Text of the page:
DR The stress of how my claim to deal with these themes in my painting relates to the picture I want to paint. It shouldn’t be a picture that relies on a text. The last step in both series was to use pigment liner pen. In the series with the body constellations I used lines to redefine: at that moment, you can turn it into total abstraction, into unrecognizability – or use an outline to achieve the opposite. In the other series I used the pigment liner pen to cover up the background around the map outlines, to erase it. In both series, then, the picture was defined in an unforeseeable way by the last step. That was the trap. The trap would often snap shut and I had to throw quite a few pictures away. There’s no way you can make corrections, unlike with processual painting where elements are merged. But that was exactly what I didn’t want. I wanted to assemble the picture out of clearly distinct elements and obtain an organic picture at the end none­theless. The elements were not meant to emerge and relate to one another on an equal footing. À la: I paint a triangle, then I spray a diagonal line to the left, then I smear with my hands at top right, and then I make something between three-dimensionality, flatness, and a line as a quotation, and then maybe add a letter as a reference to language. And the result: Aha, ‘someone has been very clever!’ I was more interested in the opposite of very clever.

JH Did you look at contemporary painting with this in mind?

DR No, more classical modernist painting. Especially Philip Guston in the 1960s, before he turned to figuration. And Clyfford Still, a bit of Franz Kline. How they arrived at their results, their individual motivation, their lines of argument, isn’t important to me. I see the picture and for me it’s about the inter­-play of illegibility and transparency, gesture, composition, immediacy, stuff like that.

JH But doesn’t that make anxiety of influence inevitable?

DR No, because you can say: This is exactly what I want, too, but I don’t want to use any of these instruments or the formulas that make it work. It’s basically about the sound, the vibe, the soul. Which doesn’t automa­tically mean confirming familiar thought patterns. It’s about the dark spot – not the punctum, but maybe the stupid element of it: the fact that someone uses codes that I understand, too, but uses them in such a specific way that finally it can only come from the unconscious of that one person. That’s what interests me – and not whether someone is using the right system of reference in the right way. Why does certain music move me even though I can see through its errors or its lies? It has to do with my immediate needs and with a kind of painting that focusses not on mere depiction but on materiality and the relationship between opacity and transparency.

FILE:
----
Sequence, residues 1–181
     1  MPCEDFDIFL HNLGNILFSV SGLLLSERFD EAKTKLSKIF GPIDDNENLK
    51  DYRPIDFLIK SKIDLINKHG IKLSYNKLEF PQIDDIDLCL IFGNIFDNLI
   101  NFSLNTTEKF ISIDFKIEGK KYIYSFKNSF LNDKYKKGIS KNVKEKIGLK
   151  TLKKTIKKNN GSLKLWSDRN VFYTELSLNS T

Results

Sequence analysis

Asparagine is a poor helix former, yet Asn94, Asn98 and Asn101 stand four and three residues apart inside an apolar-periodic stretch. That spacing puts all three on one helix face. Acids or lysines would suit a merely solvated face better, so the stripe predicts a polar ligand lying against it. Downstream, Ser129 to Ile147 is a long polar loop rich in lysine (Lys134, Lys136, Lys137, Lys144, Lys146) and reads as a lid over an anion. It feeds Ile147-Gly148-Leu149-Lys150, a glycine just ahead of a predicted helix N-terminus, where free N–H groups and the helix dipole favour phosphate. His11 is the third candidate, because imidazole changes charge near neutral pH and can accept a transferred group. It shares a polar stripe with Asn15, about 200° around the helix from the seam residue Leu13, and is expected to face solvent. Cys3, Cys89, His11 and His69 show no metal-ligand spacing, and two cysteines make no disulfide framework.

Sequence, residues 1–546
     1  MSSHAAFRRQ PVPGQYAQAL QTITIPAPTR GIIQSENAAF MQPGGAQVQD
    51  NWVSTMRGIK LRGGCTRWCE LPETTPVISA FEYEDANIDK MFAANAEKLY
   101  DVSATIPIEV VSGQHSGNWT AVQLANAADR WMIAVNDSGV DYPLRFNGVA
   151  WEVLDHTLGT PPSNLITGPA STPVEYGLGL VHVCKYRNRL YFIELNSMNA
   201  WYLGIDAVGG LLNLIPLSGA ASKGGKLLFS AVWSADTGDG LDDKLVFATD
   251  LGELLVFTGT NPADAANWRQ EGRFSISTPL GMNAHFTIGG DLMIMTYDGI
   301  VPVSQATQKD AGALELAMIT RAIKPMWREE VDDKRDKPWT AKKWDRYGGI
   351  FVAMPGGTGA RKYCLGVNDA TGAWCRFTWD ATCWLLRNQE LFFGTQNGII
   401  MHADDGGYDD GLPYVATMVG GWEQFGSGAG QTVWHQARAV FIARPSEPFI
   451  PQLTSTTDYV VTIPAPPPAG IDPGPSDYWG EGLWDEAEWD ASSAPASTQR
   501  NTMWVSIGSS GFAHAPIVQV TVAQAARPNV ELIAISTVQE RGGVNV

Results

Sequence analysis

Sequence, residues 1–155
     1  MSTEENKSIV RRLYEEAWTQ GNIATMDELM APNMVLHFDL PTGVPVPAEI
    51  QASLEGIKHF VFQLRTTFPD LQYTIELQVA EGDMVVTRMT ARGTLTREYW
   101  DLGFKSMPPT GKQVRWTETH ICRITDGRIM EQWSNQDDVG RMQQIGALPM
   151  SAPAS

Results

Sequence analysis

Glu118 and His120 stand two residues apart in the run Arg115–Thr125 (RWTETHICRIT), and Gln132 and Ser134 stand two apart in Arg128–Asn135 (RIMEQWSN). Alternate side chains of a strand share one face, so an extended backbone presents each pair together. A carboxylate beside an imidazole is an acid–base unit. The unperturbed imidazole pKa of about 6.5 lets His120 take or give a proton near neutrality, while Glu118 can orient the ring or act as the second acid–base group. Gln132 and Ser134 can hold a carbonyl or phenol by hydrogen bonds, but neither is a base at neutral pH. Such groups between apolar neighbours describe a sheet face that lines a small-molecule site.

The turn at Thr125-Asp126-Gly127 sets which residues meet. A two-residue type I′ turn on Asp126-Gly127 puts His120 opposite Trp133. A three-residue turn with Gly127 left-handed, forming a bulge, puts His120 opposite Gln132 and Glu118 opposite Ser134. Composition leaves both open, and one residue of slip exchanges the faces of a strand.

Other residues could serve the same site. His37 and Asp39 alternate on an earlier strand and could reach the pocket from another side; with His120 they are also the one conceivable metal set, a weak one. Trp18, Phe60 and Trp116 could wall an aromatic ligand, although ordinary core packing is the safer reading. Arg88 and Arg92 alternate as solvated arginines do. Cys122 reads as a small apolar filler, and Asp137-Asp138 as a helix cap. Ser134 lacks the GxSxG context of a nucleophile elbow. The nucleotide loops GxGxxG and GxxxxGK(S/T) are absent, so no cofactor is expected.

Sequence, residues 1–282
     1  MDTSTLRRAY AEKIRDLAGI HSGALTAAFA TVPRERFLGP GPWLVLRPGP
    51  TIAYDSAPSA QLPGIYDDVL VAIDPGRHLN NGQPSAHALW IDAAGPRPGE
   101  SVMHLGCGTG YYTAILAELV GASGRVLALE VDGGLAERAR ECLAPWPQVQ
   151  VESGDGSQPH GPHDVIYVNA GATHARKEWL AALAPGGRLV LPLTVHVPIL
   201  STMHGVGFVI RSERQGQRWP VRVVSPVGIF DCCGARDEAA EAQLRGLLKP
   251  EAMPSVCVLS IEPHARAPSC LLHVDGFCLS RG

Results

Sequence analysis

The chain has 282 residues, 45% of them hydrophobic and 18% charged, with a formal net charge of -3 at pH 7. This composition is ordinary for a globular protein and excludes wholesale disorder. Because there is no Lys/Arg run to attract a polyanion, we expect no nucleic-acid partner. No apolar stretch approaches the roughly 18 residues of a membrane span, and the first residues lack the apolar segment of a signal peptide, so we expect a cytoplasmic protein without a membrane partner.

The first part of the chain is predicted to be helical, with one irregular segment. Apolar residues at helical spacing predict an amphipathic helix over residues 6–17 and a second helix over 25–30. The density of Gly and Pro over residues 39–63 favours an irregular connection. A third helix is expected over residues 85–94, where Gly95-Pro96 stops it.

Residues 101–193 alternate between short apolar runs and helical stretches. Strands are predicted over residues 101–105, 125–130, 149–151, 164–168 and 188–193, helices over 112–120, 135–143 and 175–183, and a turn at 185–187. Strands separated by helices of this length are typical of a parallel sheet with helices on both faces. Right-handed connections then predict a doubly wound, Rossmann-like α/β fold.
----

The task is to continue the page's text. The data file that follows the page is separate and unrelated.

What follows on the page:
Jack Bilbo, Flirting, 1944, aus Jack Bilbo. An Autobiography, 1948

Jack Bilbo, Flirting, 1944,
from Jack Bilbo. An Autobiography, 1948

JH Do you systematically look for such criteria in the painters you mentioned?

DR No. I just try to find out where the vibrancy I find in such painting arises. The relationship between liquid paint, dry paint, thick paint, brightly coloured paint and a canvas that is rough or absorbent, where the paint sits on top, gets rubbed in, is thick and pasty or thin and runny: all of this taken together is why a picture interests me or not. Otherwise, the simple fact of dealing with an interesting topic would guarantee an interesting picture. But precisely that is not the case.

JH Returning to the question of vibe or soul – how does this manifest itself?

DR Anyone can play Cortez the Killer (1975) by Neil Young, but it will almost never sound any good. Everyone who covers a Nina Simone song fails. At the moment, loads of people are quoting and covering her. But beyond her ability to play piano, her connection with the Black Power movement, her depression and the way she transformed the blues into a barroom song and then into a soul song – beyond all this, her music is alive and pure Nina Simone. That’s just how it is. You listen to all this stuff and it comes across as tot­ally laughable compared to what she did. Her voice is not just a good singing voice; it’s the voice of a woman with a very specific life, a very specific modulation, a very specific kind of sadness, anger and self-immersion. Today, soul isn’t to be found in the retro niche with its perfect imitations, but in the hip-hop of people like Earl Sweatshirt or Guilty Simpson, because that’s the appropriate form. Funnily enough, Simone was capable of making mediocre songs her own, but the reverse is not the case.

JH How does this relate to looking at high modernist painting?

DR High modernist, great word. You stand in front of it and think: this picture works. It’s new, it’s right, it still works. For me it was also a matter of seeing if I could manage to ignore the claim that this can lead to mere quotation.

JH Do you need drama for painting?